Readers who seek the crucial questions of modern medical education and the direct answers to them will be disappointed with this 210page account of the 13th AAMC institute. The contributors recognize the inevitability of major social change, they agree that the dilemmas of the medical school are early evidences of the general problems the universities will face, and they proclaim the great importance of reforming the anachronistic character of our medical schools but, except for a few comments, such as those by Colin MacLeod, John Millis, or Lowell Coggeshall, I find no sense of the missions just completed or of solid battle plans. The deans seem almost willing to support a major revolution against the status quo, but not quite, and not now.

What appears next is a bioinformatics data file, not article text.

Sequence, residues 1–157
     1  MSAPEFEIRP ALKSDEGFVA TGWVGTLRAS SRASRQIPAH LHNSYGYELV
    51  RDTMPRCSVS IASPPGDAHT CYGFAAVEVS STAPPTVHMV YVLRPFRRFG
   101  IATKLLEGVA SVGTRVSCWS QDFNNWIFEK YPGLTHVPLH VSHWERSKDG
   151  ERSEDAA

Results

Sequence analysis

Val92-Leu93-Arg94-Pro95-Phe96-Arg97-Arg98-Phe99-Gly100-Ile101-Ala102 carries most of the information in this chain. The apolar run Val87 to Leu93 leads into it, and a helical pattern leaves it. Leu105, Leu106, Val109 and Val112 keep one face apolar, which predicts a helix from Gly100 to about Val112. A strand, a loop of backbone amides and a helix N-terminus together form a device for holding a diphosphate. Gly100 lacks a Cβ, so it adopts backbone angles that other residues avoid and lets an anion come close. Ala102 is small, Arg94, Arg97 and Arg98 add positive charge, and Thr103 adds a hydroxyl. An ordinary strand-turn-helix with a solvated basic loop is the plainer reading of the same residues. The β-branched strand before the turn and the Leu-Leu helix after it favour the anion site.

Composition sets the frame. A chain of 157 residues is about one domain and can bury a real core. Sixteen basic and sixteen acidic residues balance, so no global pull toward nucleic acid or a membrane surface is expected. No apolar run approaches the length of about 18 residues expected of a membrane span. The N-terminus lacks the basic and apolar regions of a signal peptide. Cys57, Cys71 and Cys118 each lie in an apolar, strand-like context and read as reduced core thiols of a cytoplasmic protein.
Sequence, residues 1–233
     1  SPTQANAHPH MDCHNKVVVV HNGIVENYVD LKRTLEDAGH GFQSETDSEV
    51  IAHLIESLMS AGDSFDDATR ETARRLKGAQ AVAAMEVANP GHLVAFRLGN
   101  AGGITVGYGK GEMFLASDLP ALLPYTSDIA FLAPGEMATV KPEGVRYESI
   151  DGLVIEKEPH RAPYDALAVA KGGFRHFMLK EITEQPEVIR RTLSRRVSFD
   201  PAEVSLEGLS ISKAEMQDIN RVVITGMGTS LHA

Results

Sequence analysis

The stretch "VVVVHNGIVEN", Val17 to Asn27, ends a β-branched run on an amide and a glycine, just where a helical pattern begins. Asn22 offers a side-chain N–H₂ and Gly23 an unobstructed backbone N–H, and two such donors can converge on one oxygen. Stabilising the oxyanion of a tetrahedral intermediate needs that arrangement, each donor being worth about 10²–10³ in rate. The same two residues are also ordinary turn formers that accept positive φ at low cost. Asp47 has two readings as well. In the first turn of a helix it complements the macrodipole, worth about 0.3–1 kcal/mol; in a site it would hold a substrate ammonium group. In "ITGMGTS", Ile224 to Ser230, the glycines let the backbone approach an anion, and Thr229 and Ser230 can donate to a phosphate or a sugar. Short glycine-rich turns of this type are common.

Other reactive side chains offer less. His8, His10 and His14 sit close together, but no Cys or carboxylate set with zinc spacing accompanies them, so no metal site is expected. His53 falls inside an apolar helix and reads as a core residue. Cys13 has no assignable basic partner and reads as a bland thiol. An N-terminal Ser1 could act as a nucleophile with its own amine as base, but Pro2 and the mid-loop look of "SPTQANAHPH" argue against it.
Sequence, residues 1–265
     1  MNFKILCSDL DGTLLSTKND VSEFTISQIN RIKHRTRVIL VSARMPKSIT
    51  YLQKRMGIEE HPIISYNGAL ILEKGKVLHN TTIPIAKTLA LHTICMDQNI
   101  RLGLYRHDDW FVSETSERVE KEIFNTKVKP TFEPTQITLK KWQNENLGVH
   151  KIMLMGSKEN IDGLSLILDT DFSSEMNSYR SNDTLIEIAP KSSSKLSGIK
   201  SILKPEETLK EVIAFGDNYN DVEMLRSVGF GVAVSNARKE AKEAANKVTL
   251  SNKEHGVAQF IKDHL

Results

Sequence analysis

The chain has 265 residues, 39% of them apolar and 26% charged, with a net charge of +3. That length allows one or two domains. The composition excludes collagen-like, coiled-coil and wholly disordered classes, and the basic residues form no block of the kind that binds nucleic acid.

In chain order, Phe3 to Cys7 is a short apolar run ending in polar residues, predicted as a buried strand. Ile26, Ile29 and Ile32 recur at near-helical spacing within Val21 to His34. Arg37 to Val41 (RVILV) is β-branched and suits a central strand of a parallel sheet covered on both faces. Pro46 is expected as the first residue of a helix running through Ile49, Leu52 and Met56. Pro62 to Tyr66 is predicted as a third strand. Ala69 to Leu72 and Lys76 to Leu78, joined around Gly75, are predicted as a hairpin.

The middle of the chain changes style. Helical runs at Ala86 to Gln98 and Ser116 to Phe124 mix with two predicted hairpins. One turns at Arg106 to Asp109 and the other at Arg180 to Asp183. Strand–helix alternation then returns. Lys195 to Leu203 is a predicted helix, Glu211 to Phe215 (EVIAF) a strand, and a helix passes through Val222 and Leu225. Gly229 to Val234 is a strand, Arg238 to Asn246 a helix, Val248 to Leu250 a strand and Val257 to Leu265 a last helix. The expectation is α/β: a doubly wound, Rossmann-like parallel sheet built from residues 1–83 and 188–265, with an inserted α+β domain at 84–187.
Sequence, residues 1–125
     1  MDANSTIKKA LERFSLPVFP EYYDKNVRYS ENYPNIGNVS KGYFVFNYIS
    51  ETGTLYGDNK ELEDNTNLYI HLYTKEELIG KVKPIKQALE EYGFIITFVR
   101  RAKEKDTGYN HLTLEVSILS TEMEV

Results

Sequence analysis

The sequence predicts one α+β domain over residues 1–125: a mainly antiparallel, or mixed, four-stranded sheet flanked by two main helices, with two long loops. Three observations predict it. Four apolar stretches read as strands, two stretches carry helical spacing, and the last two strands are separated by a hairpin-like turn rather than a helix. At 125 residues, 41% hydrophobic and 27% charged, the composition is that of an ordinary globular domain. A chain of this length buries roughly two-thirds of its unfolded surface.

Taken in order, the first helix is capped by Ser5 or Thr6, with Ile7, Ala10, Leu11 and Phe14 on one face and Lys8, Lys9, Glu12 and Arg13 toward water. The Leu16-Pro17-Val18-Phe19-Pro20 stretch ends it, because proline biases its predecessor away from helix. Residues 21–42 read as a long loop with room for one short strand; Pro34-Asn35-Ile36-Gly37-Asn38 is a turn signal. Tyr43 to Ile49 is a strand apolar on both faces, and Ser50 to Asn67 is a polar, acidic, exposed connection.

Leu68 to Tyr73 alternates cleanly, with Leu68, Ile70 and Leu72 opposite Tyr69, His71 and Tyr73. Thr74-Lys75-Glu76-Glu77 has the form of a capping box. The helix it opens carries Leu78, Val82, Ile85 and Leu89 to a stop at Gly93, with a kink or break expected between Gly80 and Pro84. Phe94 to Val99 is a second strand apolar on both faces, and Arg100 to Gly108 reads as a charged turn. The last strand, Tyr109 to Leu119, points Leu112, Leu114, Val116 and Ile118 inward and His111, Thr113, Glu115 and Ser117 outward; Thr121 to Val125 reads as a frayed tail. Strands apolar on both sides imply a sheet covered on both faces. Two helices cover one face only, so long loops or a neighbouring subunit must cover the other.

Vagueness is commonplace in this book, and the themes are worthy of that great equivocator, Polonius. It is difficult to serve yet not be subservient; or to